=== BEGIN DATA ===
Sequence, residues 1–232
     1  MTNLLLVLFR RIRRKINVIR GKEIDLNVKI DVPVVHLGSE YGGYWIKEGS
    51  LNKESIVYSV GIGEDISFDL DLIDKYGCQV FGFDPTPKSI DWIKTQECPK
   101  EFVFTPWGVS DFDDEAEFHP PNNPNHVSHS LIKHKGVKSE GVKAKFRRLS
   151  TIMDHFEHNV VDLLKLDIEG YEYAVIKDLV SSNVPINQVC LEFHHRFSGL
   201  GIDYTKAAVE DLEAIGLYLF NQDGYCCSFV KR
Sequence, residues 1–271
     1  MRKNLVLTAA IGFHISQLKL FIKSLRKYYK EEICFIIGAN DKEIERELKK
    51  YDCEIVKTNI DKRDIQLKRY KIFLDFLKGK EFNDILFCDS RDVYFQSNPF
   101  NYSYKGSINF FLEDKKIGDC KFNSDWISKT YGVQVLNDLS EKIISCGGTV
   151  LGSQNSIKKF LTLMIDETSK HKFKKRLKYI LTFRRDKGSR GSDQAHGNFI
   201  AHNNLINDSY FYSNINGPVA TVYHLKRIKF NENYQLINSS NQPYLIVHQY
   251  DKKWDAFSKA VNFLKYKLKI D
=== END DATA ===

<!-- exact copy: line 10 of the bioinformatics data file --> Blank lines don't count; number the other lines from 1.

   101  NYSYKGSINF FLEDKKIGDC KFNSDWISKT YGVQVLNDLS EKIISCGGTV